Equality Act 2010 was designed to simplify UK anti-discrimination laws by aggregating several related laws into one. It replaces, among other acts, the Disability Discrimination Act 1995, (DDA, Race Relations Act 1976 and the Sex Discrimination Act 1975.
In summary, the Act makes it illegal to discriminate on the grounds of a person’s race, religion or impairment. The goal is to promote equal opportunities in the workplace and in wider society.
As mentioned above, the Act replaces the old Disability Discrimination Act (DDA). It not only outlaws discrimination against disabled people but also states that organisations must make ‘reasonable adjustments’ to ensure equal treatment. The ‘Public Sector Equality Duty’ part of the act outlines the obligations placed on public authorities (including NHS boards) to eliminate discrimination and positively enhance equality and relations between different groups.
The act also covers what it calls, ‘indirect discrimination’. For example, if an employer has a rule that applies to every employee but it is found that that the rule puts disabled people at a disadvantage – that is regarded as discrimination. An example of indirect discrimination would be telling a person with photosensitive epilepsy that they had to apply for in-house training ‘online’ – just like everyone else. The computer skills of someone with photosensitive epilepsy are likely to be poor – as using a computer could cause them to have a seizure – so this would not be considered a reasonable request. If no alternative application process is provided this would be regarded as discrimination.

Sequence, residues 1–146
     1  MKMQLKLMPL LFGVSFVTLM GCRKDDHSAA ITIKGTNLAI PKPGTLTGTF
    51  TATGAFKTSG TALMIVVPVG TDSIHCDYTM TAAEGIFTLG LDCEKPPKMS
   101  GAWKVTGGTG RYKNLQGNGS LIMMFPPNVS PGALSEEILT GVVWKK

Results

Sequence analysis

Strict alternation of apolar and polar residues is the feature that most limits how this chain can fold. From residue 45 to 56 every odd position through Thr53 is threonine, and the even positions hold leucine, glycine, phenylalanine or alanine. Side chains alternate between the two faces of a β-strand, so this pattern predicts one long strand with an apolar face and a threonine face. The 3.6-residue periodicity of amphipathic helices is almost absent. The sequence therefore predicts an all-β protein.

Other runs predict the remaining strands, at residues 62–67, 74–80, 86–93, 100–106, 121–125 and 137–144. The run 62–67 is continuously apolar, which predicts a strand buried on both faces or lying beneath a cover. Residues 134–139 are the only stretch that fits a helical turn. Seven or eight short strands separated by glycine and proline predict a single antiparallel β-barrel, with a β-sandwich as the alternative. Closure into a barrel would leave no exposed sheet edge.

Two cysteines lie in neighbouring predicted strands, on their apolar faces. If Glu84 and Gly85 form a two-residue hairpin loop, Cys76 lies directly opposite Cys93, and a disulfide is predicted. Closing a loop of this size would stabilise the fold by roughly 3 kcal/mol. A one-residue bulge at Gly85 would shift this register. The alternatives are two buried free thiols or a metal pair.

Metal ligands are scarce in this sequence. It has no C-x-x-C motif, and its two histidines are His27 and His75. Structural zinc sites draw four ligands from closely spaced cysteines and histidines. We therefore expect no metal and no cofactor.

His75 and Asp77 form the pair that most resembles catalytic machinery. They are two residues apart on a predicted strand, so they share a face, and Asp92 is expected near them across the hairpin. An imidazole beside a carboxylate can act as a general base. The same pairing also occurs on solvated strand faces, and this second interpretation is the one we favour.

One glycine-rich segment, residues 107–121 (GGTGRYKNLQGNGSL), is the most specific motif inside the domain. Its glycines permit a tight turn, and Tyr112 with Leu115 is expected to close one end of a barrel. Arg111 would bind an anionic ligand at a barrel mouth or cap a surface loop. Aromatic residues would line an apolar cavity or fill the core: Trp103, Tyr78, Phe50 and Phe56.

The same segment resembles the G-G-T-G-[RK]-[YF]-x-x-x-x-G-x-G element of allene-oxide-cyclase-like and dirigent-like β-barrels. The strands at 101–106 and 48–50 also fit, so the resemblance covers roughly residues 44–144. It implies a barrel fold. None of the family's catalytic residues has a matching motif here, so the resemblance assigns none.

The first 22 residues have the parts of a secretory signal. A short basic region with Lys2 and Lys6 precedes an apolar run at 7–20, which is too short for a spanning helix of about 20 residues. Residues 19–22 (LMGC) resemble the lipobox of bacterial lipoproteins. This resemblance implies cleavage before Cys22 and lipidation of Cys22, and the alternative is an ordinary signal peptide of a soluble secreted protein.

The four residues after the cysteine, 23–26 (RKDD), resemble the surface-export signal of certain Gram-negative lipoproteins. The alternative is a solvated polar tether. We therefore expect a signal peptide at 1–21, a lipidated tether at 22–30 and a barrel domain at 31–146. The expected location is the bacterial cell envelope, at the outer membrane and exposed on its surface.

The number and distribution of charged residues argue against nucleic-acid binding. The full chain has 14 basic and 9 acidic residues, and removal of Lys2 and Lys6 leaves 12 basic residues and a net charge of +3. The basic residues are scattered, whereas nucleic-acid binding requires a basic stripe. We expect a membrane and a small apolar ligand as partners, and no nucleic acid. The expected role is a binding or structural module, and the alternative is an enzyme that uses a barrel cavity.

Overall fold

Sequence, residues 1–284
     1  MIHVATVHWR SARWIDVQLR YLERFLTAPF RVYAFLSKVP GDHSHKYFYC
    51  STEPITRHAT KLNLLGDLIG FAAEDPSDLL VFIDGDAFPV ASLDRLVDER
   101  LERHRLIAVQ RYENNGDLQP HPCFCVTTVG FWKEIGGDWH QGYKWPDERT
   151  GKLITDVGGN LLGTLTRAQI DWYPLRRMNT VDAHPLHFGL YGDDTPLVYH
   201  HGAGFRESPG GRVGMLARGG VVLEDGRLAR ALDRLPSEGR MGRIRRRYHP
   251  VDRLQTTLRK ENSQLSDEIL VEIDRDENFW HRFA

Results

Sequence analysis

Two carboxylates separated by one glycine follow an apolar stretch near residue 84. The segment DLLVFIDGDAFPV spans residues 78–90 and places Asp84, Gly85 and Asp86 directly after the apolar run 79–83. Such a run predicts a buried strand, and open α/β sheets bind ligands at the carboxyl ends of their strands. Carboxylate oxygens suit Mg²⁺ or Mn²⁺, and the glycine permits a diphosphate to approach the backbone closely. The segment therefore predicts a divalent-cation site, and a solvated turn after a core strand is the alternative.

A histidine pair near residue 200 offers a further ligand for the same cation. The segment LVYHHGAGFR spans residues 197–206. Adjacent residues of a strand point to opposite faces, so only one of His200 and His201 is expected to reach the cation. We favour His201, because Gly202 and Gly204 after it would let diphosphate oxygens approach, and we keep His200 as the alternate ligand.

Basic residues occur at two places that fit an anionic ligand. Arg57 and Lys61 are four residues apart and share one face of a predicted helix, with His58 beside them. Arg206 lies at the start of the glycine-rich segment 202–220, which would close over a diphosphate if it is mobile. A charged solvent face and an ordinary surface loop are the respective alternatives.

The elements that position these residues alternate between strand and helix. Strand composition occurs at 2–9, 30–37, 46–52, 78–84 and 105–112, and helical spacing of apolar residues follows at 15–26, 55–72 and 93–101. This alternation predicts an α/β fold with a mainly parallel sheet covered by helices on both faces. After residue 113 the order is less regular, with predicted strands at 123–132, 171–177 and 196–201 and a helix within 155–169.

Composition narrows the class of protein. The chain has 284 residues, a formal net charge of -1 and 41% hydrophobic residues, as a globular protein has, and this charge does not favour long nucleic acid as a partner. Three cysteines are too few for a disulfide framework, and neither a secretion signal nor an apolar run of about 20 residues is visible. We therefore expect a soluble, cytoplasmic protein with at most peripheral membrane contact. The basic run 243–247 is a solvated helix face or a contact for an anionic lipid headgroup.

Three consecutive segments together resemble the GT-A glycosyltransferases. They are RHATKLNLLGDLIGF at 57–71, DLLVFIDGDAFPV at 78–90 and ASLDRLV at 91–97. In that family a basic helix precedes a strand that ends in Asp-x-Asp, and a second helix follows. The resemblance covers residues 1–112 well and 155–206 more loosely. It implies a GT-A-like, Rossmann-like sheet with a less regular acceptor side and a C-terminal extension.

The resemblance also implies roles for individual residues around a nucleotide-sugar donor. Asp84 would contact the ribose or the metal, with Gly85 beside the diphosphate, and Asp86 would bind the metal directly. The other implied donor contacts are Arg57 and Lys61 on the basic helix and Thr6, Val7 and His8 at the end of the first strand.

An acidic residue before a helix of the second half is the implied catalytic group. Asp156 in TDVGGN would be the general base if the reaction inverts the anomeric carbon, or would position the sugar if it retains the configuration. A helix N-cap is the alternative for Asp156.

The act also protects people who have an association with a disabled person, such as a carer.
The act applies to Government departments, Employers, service providers, education bodies and education providers (Schools, FE colleges and Universities), those who provide public functions, landlords and transport providers.
Employers and public bodies have a duty to make ‘reasonable adjustments’ to ensure disabled people are not put at a ‘substantial disadvantage’. One example of a reasonable adjustment would be to ensure that information provided on an organisation’s website is accessible to someone who is blind or has a visual impairment. Another example of reasonable adjustment would be to install a ramp to allow wheelchair users to access a building.
Employers have to make changes to the way things are done, if the current situation disadvantages disabled people ‘reasonable adjustment’ is required. For example, providing information in an accessible format; including on websites and documents (e.g. PDF’s and Word documents) provided as part of a public service.
The law allows employers to treat disabled people more favourably that non-disabled people. For example, providing employment opportunities specifically for people with a learning difficulty.
The public sector Equality Duty requires public bodies – such as the ‘listed’ authorities, the NHS and others with public functions – to take into account the impairments of disabled people when making decisions on policies or services. Public bodies have a duty to think about the need to eliminate discrimination in their work place. They now need to be pro-active rather than re-active in relation to ensuring equality
The Specific duties (Scotland) Regulation 2012 came in to force in 2012 and places duties on public authorities in Scotland. They are designed to help them develop better policies and practices and improve transparency and accountability – as well as to advance equality of opportunity between different groups.
Many organisations have websites and documents that are not accessible to disabled people and therefore they are discriminating against disabled people.
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If actions that put disabled people at a disadvantage can be justified – for example, because it would incur unreasonably high costs – that is not counted as discrimination by the act.